Sunday, November 3, 2013

Gluepot 2013 #5



With multiple sets of eyes, ears and cameras, we were able to tick a wider variety of species than a single individual might do. Cunningly, (I thought), I invited others to contribute a blog entry upon return to civilization. Here’s DLs excellent contribution …
Gouldiae

Looking Down

I know we went to Gluepot to look for birds however I was always taught to look where I put my feet, so perhaps I see less birds, but am more than happy to spot the reptiles. Gluepot has recorded about ten species of snakes and forty of lizards. The most frequently sighted snake is the King Brown or Mulga and the Gluepot notes say, 'widespread very dangerous': luckily we did not see any snakes. PG almost stepped on a small grey one about the thickness of a pencil but he later decided that it was a Burton's Legless Lizard.

The largest of the lizards is the prettily marked Sand Monitor or Gould's Goanna Varanus gouldii which can grow to 1.6 metres. It is found throughout Australia except for the extreme south-east. This one conveniently froze beside the road when I stopped the car.



The biggest of the dragon lizards is the Central Bearded Dragon which is easy to photograph as it also tends to freeze when spotted (but nevertheless slowly moves its head to keep an eye on the intruder).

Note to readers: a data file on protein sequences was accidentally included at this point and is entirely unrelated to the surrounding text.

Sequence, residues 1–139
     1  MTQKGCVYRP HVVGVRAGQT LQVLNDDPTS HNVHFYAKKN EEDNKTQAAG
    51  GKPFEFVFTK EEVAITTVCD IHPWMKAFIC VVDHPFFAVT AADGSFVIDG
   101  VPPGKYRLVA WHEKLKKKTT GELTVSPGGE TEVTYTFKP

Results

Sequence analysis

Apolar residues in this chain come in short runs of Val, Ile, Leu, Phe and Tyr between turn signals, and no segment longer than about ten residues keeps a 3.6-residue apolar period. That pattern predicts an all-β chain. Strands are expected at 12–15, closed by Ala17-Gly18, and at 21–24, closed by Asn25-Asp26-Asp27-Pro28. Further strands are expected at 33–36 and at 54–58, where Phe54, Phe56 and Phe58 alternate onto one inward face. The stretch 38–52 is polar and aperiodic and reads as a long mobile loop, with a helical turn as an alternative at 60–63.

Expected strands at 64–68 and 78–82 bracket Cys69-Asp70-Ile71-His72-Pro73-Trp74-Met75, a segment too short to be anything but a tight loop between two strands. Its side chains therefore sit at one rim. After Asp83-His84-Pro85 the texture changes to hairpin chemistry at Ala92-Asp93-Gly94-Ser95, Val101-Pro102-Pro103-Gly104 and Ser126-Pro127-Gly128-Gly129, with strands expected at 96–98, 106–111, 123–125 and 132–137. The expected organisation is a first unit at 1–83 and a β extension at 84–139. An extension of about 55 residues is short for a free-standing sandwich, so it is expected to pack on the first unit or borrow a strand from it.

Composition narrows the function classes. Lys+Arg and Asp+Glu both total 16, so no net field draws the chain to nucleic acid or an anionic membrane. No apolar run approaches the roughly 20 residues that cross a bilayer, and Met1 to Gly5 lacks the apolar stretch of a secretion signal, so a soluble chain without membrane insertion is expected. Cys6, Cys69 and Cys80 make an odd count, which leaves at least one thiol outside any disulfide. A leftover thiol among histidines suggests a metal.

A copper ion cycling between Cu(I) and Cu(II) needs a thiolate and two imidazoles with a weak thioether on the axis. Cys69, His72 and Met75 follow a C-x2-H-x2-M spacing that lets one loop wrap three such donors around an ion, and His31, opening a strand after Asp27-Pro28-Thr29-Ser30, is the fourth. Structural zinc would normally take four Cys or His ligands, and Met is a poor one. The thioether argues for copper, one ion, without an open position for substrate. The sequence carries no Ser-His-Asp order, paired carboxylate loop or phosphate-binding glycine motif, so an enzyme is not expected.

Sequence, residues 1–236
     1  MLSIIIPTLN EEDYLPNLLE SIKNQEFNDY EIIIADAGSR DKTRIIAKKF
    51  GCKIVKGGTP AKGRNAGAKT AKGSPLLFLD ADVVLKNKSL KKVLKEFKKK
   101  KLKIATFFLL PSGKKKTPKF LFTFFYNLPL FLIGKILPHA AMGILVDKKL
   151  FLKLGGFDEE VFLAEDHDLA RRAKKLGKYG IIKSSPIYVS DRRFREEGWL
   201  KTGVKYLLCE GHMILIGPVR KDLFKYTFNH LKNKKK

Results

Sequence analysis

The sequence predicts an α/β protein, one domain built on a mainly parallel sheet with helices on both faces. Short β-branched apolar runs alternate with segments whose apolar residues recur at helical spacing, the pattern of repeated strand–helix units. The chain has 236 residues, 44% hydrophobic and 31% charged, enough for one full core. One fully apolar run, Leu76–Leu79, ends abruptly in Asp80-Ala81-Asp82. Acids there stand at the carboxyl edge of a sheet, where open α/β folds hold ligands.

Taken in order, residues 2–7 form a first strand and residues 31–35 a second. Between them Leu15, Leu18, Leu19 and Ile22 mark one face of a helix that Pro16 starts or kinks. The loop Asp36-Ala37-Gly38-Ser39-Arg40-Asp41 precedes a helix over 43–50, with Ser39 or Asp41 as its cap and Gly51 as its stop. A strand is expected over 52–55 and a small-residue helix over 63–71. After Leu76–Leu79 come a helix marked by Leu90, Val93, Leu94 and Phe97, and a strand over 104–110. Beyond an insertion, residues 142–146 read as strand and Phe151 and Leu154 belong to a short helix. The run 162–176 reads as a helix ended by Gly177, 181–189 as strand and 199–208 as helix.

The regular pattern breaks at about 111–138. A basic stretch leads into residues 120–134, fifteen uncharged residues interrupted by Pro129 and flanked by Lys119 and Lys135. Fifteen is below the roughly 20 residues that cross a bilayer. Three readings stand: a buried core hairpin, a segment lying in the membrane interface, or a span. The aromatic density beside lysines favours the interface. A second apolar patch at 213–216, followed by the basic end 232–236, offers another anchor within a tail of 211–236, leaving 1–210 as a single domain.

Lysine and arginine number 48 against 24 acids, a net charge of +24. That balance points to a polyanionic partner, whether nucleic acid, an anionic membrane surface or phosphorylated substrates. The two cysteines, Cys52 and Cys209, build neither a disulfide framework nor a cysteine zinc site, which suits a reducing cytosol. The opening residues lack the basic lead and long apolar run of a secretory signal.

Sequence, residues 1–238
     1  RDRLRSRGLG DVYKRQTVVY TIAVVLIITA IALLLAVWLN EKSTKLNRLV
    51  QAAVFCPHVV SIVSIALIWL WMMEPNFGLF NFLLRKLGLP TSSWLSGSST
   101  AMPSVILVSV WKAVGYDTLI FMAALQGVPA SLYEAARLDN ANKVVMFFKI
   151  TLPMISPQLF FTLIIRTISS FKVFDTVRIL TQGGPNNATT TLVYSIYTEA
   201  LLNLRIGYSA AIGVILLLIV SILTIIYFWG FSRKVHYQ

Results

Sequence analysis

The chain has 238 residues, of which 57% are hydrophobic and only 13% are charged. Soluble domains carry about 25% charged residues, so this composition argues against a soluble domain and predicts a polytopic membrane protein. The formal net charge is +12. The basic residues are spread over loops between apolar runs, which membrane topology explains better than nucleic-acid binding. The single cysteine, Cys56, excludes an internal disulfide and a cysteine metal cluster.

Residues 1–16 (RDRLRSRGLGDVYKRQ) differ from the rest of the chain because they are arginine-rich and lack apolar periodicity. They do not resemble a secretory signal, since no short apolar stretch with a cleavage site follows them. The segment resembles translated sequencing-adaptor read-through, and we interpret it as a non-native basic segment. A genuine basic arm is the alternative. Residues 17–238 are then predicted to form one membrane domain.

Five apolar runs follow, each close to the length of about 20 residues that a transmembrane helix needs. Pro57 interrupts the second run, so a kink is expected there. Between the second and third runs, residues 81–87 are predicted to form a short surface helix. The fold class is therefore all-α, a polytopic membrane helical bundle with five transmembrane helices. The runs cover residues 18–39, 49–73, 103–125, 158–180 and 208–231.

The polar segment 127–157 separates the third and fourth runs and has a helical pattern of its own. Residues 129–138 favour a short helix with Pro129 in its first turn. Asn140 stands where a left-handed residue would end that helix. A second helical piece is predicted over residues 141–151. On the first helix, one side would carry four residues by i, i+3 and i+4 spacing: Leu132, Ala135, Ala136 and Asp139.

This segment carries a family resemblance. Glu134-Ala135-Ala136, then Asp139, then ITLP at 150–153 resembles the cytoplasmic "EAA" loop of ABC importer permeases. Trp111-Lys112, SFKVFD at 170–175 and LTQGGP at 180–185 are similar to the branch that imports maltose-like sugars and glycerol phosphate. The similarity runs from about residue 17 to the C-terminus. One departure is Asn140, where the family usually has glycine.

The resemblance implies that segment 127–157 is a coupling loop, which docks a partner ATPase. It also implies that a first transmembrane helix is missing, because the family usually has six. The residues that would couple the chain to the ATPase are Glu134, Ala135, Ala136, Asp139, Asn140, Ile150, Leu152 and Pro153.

The most common lizard is the Mallee Dragon that is about 15 cm long including the tail. It is patterned reddish-brown- much the colour of the sandy spinifex areas it inhabits. I saw one that was missing a front leg but it was still able to dig furiously when it became aware of my presence. I also came across couple of Mallees embroiled in a no holds barred fight up on their hind legs and tumbling over each other.


The other two dragons found at Gluepot are the Painted Dragon and the strikingly patterned grey Nobbi Dragon which is very similar to the east coast Jacky Lizard.

 

The Shingleback, Stumpy-tailed or Sleepy lizard is the largest of the skinks and is similar to our local blue-tongue lizard as when threatened it opens its mouth wide and hisses loudly whilst displaying a broad blue tongue. The Shingleback and the blue-tongues are the largest of the skinks, other smaller skinks scuttled away ahead of me- too quick to photograph although I did manage to snap a Sandplain Ctenotus before it headed into the spinifex.


......if I could just spend more time at wonderful Gluepot……
DL

5 comments:

  1. An excellent post. I look forward to other guest contributions (and more from the 'owner').

    Martin

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  2. Great shots D, nice change from all those birds...(-;

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  3. G'day Martin,
    Deirdre says, "Thanks Martin, you encourage me to perhaps try again one day!"
    Gouldiae.

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  4. We had more luck with the reptiles than birds at Gluepot this year too, the highlight being a Ringed Brown Snake which we didn't get a picture of. Emma did get a dine one of a Nobbi Dragon fiercely facing down the Troopy though, thanks to DL for the help in identifying it with this post too, other than the very very common ones most reptiles we encounter over that way are a bit of a mystery to us.

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  5. DL says - 'Thanks PB for your comments, you did well to see and identify the small but distinctive Ringed Brown as Gluepot is on the southern limit of its range.

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